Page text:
What should be the role of our armed forces?


Yesterday I sought to draw a few lessons from the brutal history of the twentieth century. I concluded that the UK had fought two wars to settle the borders of Europe in the twentieth century, commencing both wars without the major army it would take to do the job. The result was very long and deeply damaging wars with massive loss of life. The peace negotiated after the first is often blamed and was certainly a contributory factor to the rise of German aggressive nationalism that triggered the second conflict.

It reminds us that there are limits to what you can expect a rich medium sized country to achieve by force of arms, however great the injustice you wish to put right. It also reminds us that diplomacy and a good peace settlement  are vital to a successful outcome, even where you have achieved a major military victory at great cost.

The UK defence budget has been cut too much. It has been one of the few Whitehall budgets subject to continuous cuts in real terms under Labour and under the Coalition. The accent of UK defence spending should be on air and naval capability that can both protect the home islands and provide a way of projecting power overseas when needed. The UK should retain an expeditionary capability. Whilst I think we have fought far too many wars in the last thirty years, we did need to liberate the Falklands, and I think we were right to help the international alliance to liberate Kuwait.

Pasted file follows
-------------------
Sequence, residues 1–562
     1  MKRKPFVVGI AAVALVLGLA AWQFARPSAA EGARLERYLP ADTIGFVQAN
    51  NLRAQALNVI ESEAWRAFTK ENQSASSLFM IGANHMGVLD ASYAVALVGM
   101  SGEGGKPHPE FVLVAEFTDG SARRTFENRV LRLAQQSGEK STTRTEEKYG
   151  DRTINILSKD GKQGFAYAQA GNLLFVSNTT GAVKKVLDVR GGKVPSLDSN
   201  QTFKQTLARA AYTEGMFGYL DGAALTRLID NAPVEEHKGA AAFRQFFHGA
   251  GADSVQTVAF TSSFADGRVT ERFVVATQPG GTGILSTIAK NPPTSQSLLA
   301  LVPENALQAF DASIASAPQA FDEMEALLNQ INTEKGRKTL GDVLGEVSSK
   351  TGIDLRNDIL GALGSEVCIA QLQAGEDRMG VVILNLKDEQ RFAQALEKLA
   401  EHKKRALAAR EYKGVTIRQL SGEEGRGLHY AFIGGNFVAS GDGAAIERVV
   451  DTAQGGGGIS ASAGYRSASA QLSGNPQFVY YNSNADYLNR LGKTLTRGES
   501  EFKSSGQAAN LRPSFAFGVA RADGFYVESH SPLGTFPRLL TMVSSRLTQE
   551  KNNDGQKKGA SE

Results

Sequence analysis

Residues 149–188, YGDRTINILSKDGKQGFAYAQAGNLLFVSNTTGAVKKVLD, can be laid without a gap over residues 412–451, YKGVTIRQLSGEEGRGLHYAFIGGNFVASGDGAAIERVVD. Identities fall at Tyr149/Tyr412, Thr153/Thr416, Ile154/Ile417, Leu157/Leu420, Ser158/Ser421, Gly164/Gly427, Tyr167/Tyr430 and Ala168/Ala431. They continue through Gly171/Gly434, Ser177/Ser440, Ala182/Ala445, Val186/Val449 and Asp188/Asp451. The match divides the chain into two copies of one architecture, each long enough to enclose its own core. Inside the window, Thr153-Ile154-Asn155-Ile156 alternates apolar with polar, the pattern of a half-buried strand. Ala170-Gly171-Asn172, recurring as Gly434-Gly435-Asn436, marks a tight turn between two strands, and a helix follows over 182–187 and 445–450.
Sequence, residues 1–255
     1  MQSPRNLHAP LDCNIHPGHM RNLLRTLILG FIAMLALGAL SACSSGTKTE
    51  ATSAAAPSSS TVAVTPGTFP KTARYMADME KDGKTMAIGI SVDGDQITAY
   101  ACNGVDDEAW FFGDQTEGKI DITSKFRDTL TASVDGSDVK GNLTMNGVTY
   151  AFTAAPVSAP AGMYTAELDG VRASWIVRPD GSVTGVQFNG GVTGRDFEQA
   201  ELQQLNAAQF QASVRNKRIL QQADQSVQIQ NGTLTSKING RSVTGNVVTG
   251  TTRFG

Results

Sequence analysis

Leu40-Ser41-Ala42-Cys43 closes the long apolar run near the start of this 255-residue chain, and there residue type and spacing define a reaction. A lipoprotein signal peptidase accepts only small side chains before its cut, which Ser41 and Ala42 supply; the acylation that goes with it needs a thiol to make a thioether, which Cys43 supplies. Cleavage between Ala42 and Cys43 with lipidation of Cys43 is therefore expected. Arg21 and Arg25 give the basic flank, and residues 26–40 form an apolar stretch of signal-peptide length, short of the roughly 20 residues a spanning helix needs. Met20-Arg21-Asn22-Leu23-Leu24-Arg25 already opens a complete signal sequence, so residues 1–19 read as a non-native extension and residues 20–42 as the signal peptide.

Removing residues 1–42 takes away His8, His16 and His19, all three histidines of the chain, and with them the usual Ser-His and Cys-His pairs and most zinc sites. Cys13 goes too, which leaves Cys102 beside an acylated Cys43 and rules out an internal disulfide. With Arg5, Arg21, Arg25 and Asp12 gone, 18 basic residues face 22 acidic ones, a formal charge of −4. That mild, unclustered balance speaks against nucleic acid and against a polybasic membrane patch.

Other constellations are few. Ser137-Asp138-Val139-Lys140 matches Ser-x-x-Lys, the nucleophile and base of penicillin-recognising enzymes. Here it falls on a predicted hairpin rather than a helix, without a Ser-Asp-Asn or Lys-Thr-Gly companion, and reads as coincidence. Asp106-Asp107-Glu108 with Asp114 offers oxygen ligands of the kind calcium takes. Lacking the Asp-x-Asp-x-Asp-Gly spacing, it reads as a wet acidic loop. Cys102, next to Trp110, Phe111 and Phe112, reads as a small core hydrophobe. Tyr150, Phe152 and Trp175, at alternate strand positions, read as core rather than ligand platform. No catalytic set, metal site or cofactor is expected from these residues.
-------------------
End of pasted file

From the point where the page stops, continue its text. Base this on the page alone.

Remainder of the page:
Now we have committed to aircraft carriers, we need to back them with the aircraft they need and the support vessels a carrier led squadron fleet requires. The UK can develop planes and drone technology in  the interests of home defence, and better targeted intervention or deterrence.

I do not agree with contributors here who wish us to quit our seat on the UN Security Council. The UK should be willing to contribute to UN led initiatives. These can be judged on a case by case basis. The UK is still an important economic and military power, and should be part of the discussions and negotiations that form the view of the international community on major conflicts and tensions. There are times when the UK can and should use the force it does have to assist the UN’s mission.

The outcomes in Afghanistan, Libya and Iraq should make us much more  careful before committing forces in the future in the elusive search for democracy and peace in the Middle East. We have intervened too 0ften in cases where there is no  military solution, or in places where we do not have sufficient force and enough personnel to do the job.


  1. Lifelogic
    August 5, 2014

    The predictable outcomes in Afghanistan, Libya and Iraq should make many involved shut go and crawl into deep holes, never to be seen or heard from ever again.

    The role of our forces should clearly be defence and deterring any attacks on our territories. Economic strength is rather important to this to this end. We needed an end the idiotic lefty, fake green, big state, high tax, pro EU, over regulation, anti-business lunacy we have under this dreadful coalition. Under the current loopy leadership we will have “air” carriers (with no air craft or proper protection) perhaps driven by wind turbines and PV cells (giving a range of 2 miles when windy) and endless equality and health and safely legal claims from the “diverse” military on board in the cramped ships and submarines. But at least any insurance and pensions for them will be gender neutral regardless of the risk reality.

    Off topic the idea that MP can access their pensions put but the state sector with unfunded pension cannot will not hold water and will be yet another electoral liability.